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In 1969, the Catholics formed an active civil rights movement, partly inspired by [[CivilRightsMovement that which occurred years earlier]] just across ThePond.UsefulNotes/ThePond. At the same time, a loyalist [[BrotherhoodOfFunnyHats fraternal order]] called "Apprentice Boys of Derry" planned a counter-march [[{{Troll}} on the same day and route as that by the civil rights activists]]. This went as well as expected -- the latter, ordered not to march, [[{{Determinator}} marched anyway]], and were attacked by loyalist police. There followed some of the most shocking scenes of PoliceBrutality ever seen in the UK, especially from [[TheDreaded the infamous B-Specials]], an unpaid and part-time adjunct to the regular police force. Enraged, the Catholics went into hyperdrive, marching and protesting... and being attacked again and again. In response, and likely due to prodding from an indignant London, Belfast promised wide reforms... which led to even more loyalist belligerence. At the beginning of August, there was a serious three-way riot between both sides and the police in the center of Belfast. MP J. Enoch "Rivers of Blood" Powell even suggested deporting the entire Catholic population to the Republic. Appalled, Wilson and then Home Secretary UsefulNotes/JamesCallaghan took the decision (without consulting the Cabinet) to send in the British Army to restore order in return for the abolition of the B-Specials and serious reform. It is a myth that they were not aware of the dangers (they estimated that it would take at least a decade before they pulled out), and some historians have called the decision to send in the Army "Jim Callaghan's finest hour."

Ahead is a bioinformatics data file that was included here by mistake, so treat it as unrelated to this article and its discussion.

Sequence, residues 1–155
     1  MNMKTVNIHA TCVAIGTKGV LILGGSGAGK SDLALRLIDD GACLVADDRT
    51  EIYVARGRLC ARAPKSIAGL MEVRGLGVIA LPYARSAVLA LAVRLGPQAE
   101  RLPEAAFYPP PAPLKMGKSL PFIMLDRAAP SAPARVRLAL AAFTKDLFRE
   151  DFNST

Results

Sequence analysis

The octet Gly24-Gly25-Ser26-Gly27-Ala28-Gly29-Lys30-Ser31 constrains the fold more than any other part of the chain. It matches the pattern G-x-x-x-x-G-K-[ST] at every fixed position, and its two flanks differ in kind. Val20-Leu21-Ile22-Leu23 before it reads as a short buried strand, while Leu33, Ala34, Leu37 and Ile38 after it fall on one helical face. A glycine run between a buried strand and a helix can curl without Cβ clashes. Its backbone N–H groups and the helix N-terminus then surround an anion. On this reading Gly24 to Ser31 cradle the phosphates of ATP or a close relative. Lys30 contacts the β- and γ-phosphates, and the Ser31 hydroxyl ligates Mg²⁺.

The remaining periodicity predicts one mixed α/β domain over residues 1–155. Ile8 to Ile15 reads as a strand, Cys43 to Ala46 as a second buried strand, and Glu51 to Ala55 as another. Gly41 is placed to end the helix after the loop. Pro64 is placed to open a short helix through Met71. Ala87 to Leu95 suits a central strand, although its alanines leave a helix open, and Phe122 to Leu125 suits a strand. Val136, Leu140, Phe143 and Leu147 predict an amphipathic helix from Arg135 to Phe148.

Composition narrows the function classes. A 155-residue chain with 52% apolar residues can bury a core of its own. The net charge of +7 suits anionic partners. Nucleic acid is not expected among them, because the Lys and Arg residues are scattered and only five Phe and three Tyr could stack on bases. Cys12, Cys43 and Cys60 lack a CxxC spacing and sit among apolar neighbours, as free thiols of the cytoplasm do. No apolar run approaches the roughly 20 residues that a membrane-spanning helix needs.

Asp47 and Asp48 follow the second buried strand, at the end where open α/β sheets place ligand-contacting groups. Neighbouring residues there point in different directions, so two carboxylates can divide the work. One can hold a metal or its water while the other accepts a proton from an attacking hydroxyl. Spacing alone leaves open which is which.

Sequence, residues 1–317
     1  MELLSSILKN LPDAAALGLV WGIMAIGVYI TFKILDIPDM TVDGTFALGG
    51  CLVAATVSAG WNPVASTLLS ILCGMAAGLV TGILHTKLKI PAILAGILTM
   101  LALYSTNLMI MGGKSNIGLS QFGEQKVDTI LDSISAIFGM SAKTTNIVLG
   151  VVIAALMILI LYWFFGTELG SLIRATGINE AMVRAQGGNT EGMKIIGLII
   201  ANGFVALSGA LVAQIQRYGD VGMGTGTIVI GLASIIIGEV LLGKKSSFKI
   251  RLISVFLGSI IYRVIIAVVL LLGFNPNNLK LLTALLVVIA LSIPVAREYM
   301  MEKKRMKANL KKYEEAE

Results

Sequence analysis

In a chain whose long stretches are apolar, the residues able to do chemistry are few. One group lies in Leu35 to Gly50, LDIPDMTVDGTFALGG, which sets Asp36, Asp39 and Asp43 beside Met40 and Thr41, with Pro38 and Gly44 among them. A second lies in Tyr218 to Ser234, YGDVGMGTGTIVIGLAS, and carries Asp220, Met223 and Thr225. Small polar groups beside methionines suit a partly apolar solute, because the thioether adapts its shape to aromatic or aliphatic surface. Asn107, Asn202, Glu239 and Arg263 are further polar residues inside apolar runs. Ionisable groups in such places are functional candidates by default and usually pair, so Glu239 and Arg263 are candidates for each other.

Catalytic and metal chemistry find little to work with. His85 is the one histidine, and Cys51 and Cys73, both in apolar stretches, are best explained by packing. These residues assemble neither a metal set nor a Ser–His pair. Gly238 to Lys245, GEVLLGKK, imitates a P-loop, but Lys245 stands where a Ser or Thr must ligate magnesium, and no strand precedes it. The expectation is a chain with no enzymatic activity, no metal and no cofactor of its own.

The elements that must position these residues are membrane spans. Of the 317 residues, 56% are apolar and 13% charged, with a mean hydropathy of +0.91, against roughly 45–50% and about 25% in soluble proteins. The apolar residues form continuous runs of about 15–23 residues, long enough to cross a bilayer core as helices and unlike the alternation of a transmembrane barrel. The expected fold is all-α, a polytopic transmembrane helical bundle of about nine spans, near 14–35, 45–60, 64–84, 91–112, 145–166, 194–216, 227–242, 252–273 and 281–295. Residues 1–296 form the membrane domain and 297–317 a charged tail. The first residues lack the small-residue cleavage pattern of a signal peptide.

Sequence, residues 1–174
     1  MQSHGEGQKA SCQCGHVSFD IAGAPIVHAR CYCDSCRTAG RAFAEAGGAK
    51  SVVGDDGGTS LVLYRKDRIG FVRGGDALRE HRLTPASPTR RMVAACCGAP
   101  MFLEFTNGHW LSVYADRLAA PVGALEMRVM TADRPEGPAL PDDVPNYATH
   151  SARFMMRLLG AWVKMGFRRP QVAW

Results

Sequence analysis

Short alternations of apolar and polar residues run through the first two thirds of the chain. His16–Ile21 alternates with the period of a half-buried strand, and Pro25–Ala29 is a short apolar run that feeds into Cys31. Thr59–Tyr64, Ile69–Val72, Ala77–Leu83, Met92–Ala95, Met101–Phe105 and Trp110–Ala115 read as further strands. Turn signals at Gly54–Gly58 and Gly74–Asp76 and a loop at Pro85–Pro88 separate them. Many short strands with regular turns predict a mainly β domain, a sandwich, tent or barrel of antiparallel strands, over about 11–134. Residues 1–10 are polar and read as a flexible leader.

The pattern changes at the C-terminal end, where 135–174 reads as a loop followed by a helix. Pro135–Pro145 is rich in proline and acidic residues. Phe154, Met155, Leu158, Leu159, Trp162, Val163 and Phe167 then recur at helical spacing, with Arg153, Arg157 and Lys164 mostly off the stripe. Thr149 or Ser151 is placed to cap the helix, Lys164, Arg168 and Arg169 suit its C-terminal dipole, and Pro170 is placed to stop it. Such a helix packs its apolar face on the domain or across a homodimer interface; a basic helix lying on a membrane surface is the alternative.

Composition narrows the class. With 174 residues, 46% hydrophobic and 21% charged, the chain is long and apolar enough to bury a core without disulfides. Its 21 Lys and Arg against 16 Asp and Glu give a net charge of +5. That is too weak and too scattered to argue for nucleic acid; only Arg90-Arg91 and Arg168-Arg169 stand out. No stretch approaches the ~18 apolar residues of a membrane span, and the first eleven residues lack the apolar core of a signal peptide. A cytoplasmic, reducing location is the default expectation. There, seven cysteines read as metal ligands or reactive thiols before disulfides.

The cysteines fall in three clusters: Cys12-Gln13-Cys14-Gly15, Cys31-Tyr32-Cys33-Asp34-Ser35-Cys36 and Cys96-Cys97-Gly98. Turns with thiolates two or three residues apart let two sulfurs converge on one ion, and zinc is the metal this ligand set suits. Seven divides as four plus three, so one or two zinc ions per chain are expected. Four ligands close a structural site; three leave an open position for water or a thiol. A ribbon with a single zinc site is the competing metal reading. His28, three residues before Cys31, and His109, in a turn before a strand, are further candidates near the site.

4th Mar '17 9:00:55 PM ImperialMajestyXO
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It is likely that, but for want of compromise and moderation on both sides, the Troubles might never have become what they were; like [[ArabIsraeliConflict that other long-running dispute people get heated up about to this day]], it treads the fine line between {{tragedy}} and {{farce}}. As the sorry narrative shows, there's clearly a shortage of level heads in the Six Counties -- history records few conflicts guided so much by passion and prejudice and so little by reason ([[BrutalHonesty or to be perfectly blunt:]] [[IdiotPlot almost everyone who counted acted like morons and/or bigots for over half a century]]).